Giving a Damn in the Age of Apathy

I live in a suburb of New York City. I’m middle class. I grew up in a strong family based Christian upbringing. I went to church till I was 18 and while my views on God have changed I’ve never really lost faith in the idea of a higher power. I never went a day without meals. I never had a Christmas with no presents under the tree. I’m a heterosexual white male. I was never subjected to discrimination on any front. I’ve lived a comfortable life.

Which could be why it’s hard to give a damn about anything. And it feels awful to say that, but it’s kind of true.

Now, I’m far from being someone who doesn’t care about people. I’m far from being someone who can’t be bothered with the plight of people and the various social struggles that happen in the world. I care. I spend time thinking about these things. I think about the situations people are in and how I would feel if I found myself in their predicament. When I talk to friends and family and these topics arise I voice my opinions and speak out for these issues.

And then I go to sleep in my suburban, middle class home and keep warm with help from my worn in but still completely useable blanket and cozy up next to the crack between my bed and the wall where below there is a radiator that blows warm air through it’s vents. And it’s freezing outside but I’m warm in my room. Away from the struggles and strife that people feel everyday.

And I feel like a fraud. Because as much as I want to relate to someone who has to chose between utilities and food, I can’t. As much as I want to relate to someone who has been told they can’t go into an establishment because of the color of their skin, I can’t. I can yell at the top of my lungs that love should be recognized regardless of sex, but I don’t have anything to gain or lose by ruining my throat. I could try to find any open ear that I can and tell them that people should stop caring so much about what they call God and start caring more about treating their fellow man as something meaningful and beautiful, but it won’t really do much. Afterall, I grew up in a place where I’ve never had to worry about worshipping the “wrong” God.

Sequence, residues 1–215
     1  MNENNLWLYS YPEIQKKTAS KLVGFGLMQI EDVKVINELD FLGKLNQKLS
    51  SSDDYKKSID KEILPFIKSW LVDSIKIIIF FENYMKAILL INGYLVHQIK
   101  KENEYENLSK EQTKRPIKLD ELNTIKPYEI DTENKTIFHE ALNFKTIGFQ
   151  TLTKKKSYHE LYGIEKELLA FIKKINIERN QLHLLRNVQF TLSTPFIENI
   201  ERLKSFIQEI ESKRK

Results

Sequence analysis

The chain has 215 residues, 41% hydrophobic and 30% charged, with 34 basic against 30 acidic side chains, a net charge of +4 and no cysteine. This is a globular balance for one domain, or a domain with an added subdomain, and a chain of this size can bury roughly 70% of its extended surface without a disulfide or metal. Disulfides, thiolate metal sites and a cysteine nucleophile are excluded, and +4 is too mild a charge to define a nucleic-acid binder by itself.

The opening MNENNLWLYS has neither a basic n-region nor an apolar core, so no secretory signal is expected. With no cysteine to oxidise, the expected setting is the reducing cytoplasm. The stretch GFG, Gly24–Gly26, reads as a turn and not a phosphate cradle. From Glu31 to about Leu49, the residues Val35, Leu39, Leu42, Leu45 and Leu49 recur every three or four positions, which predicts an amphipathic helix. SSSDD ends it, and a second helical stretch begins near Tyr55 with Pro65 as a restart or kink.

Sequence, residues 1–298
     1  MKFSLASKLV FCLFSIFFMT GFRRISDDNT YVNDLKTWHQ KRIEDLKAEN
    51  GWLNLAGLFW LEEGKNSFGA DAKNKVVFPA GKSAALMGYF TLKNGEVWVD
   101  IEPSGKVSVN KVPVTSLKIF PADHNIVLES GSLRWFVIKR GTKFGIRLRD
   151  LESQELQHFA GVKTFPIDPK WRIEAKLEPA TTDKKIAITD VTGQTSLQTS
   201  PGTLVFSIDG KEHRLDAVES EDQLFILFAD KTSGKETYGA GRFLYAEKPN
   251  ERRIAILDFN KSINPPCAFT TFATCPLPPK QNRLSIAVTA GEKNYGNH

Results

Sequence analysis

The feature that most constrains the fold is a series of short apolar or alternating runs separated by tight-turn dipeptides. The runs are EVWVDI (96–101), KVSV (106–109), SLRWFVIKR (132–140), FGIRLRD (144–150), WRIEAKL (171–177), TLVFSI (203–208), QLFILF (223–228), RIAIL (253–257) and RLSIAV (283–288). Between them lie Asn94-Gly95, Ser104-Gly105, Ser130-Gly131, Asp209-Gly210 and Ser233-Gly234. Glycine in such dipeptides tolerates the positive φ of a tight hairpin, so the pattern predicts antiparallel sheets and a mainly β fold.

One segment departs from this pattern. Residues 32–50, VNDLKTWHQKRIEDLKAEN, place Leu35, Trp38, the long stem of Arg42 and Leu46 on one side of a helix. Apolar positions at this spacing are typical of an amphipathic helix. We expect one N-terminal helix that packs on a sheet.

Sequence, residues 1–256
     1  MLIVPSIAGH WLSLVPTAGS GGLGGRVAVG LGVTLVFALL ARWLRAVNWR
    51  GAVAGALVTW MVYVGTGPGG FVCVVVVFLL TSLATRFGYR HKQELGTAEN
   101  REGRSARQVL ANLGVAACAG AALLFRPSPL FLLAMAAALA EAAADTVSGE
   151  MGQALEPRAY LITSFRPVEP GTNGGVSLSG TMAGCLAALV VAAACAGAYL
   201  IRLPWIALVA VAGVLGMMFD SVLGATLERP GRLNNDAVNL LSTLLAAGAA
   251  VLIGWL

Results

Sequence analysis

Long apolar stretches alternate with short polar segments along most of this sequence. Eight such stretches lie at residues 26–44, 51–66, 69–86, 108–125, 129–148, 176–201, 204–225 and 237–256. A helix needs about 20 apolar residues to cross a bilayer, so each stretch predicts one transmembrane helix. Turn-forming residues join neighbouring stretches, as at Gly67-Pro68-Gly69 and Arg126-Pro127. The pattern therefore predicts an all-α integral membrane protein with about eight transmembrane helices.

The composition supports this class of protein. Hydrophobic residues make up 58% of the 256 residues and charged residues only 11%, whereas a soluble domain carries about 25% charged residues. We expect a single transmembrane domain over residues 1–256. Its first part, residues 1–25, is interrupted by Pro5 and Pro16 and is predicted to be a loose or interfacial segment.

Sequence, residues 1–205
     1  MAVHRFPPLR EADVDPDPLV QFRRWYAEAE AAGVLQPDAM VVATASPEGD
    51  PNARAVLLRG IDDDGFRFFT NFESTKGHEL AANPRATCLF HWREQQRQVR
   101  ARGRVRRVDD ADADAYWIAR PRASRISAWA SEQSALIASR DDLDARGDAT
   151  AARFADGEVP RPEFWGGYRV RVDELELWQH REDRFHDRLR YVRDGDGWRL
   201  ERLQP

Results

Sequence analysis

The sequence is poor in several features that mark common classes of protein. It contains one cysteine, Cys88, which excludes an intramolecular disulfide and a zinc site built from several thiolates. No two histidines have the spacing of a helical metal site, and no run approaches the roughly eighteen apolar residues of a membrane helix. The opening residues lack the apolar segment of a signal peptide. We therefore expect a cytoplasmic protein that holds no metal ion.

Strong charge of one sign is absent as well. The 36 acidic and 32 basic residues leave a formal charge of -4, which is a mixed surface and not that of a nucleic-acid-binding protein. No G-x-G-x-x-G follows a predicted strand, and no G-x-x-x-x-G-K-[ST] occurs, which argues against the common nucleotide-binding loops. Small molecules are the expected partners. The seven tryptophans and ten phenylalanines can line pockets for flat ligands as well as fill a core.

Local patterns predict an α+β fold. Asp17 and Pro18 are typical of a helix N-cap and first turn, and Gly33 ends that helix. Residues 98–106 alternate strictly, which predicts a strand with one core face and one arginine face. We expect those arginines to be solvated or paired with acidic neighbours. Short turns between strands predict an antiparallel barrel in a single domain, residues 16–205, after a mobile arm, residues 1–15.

It’s things like that which make it so hard to care sometimes. Because things that you support that affect society don’t really affect you one way or another when you’re living a comfortable life. I guess being comfortable is a kind of crutch that you rely on when you feel you can’t do anything to perpetuate the things you would like to see changed, even if they don’t affect you. It’s hard to look past your life when things are good. It’s a shame really. Because there are a lot of things in the world that we should feel uncomfortable about. Even if we fall asleep in well heated suburban homes.

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